It is said that it took the first humans 110,000 generations before they could control fire, another 20,000 generations until written language was invented, and then only another 250 to put a man on the moon. Talk about exponential growth! Think about the fact that it in around three generations, we went from Benjamin Franklin in his kite flying days, to living a portion of our lives in the wonderful black whole that we have come to know as the internet. The most relevant fact today however is that within a single generation, we went from using mainframe computers that wouldn’t fit in my apartment, to carrying around lightening fast supercomputers in our pockets without a second guess. And what is it that we use these processing monsters for? Checking our Instagram feed compulsively and reading emails that we ultimately end up putting on the back burner until we are back at our desks and have a keyboard in front of us to type on. So why is it that very few of us are able to be academically productive on these devices? What is it that is holding us back from truly working on the go?
The average typing speed on a computer keyboard is 44 WPM. Even at this speed, it is often an absolute struggle to keep up with the processing power of your brain. By the time you have completed a thought on paper, you have had 3 more that you will not remember and are lost in the abyss of your subconscious. Divide that typing time by three and you have the average WPM for people regularly using mobile devices. 15 WPM. No wonder we tend to steer clear of actually accomplishing anything of actual substance on our Smartphones. Refreshing our Twitter feeds repetitiously, sending all of our friends Snapchats to complain about whatever it is that we are curr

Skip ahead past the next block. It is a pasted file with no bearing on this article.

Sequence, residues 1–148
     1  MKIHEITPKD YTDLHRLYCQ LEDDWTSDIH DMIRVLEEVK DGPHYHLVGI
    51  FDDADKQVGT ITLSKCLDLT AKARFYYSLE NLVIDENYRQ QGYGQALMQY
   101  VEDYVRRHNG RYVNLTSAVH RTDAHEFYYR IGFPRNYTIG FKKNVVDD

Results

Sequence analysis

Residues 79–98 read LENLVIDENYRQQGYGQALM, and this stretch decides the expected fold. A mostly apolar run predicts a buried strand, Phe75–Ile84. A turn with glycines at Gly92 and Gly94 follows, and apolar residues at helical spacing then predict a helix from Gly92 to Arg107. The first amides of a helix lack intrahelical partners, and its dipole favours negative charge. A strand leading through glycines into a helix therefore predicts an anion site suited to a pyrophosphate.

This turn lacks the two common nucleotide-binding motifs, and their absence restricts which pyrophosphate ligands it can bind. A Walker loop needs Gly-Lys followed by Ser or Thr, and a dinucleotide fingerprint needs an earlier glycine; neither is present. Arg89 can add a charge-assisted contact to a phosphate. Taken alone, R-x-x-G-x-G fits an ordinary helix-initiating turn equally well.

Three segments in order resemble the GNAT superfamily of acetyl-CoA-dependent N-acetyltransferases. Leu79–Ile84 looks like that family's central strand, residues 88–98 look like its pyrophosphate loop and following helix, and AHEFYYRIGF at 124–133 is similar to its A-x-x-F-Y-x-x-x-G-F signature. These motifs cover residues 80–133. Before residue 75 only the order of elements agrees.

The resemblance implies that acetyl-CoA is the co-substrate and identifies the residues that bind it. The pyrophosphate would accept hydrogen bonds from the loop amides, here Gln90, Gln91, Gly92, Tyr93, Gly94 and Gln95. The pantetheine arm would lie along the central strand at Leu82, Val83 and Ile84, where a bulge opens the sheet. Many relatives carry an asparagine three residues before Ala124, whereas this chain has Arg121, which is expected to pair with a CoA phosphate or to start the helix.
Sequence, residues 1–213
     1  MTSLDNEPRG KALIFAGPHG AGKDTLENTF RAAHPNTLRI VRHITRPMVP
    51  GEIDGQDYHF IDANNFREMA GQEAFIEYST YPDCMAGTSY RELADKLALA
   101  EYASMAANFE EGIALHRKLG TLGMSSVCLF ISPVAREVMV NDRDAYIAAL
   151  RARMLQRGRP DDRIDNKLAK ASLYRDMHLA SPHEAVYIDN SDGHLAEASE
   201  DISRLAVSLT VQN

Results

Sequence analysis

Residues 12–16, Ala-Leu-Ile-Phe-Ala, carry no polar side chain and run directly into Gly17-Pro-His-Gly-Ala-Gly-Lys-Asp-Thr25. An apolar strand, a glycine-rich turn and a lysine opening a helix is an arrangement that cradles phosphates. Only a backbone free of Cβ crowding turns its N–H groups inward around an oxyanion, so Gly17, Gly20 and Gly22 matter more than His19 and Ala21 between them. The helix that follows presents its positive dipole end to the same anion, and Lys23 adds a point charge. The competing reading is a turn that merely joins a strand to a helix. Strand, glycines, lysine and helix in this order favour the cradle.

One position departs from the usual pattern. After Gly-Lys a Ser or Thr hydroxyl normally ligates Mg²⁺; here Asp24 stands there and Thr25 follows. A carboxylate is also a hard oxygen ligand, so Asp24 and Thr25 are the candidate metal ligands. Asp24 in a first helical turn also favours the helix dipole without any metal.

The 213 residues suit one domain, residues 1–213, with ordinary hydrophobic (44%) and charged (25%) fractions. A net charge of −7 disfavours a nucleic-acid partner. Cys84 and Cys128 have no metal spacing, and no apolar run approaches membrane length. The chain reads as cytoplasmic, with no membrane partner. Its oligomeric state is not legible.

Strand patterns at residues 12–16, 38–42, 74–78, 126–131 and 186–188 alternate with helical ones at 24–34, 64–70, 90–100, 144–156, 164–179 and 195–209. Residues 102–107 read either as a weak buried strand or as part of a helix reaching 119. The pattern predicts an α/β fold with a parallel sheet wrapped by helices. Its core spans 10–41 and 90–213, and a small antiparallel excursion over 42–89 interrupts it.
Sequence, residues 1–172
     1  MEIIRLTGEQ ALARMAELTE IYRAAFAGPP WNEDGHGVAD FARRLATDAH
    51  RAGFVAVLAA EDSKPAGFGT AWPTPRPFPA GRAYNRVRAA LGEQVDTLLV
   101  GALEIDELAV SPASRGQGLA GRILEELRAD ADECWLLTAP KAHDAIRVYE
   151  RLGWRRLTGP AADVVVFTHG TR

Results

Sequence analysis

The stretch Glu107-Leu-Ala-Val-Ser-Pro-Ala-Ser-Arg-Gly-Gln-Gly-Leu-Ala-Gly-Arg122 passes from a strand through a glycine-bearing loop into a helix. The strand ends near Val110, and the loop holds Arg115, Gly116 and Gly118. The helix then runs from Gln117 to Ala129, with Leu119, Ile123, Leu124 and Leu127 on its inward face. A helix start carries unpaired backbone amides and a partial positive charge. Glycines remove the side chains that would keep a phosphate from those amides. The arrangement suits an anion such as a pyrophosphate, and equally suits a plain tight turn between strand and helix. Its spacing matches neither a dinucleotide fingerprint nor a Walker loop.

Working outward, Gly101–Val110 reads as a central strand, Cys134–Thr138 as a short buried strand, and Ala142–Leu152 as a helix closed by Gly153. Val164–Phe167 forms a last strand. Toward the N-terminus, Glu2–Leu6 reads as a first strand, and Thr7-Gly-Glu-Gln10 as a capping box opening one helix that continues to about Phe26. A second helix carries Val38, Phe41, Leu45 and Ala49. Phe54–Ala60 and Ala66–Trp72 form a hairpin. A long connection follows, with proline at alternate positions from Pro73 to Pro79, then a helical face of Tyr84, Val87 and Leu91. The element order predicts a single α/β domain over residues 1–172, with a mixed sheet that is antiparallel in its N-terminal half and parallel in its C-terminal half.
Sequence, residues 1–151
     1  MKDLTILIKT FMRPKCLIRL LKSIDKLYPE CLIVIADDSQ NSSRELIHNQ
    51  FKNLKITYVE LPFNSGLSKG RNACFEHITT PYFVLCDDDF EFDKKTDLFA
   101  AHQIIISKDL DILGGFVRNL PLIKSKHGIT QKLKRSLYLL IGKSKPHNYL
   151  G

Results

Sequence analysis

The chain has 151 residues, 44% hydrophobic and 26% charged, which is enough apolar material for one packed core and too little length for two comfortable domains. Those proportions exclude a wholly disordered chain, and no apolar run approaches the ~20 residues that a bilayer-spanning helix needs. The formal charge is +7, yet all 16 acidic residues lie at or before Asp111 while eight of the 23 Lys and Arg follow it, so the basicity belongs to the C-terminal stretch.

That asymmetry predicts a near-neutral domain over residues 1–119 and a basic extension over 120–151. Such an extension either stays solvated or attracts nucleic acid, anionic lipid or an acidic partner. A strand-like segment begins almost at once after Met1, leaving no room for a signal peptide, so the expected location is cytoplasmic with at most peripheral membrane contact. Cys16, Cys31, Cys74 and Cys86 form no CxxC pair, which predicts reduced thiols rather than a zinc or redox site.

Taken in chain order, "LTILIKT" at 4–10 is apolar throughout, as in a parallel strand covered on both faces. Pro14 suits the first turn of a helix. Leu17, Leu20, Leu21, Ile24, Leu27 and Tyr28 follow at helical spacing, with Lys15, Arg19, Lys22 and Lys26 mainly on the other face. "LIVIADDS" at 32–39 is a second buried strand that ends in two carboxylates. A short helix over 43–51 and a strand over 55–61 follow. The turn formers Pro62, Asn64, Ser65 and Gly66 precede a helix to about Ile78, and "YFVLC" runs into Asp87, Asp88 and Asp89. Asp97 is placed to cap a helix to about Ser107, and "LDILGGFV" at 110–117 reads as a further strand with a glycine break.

ently doing, or on a good day, responding to a brief email in a single word, seems to be just about as big of a waste of technology as there is. What is out there that can help us improve said mobile productivity you ask?
Mark Parker, a former Bearcat Football player and UC grad, thinks that he and his team may have cracked the code. They have created a product called TREWGrip that allows you to have the speed and agility that comes with typing on a full sized keyboard, in a mobile setting. Imagine how you would hold a book with two hands. Your fingers resting on the front and back covers with your thumbs on the inside for
support. Now imagine if under your fingers was the home row of a QWERTY keyboard, broken into two vertically aligned halves. The TREWGrip is still in the final stages of prototyping, however, the team has begun taking preorders. The TREWGrip connects to any and all Bluetooth capable devices and latches them to the device by using both suction and magnetism. In July of 2013, the TREWGrip team hosted a competition to see who could adapt to typing the fastest on their device. The winner went home with a descent chunk of prize money and a winning speed of 115 WPM. That is awfully fast for such a short period of practice and adaptation time. At those speeds, I could type my 1000 word midterm on the 10 minute walk to turn it in on campus, and still have aminute or so to proof read. Not that this is at all a reasonable way to write a paper, but logistically, it could be done on the TREWGrip.
If TREWGrip is something you would like to see get to market ASAP here is your chance to help out! If you have 30 seconds to spare, Follow this link and vote for TREWGrip for the Mobiley People’s Choice Award! Voting ends tomorrow and I know that Mark and his team can use all of your support. Help TREWGrip help YOU become more productive on the go. For more information on TREWGrip, visit their site.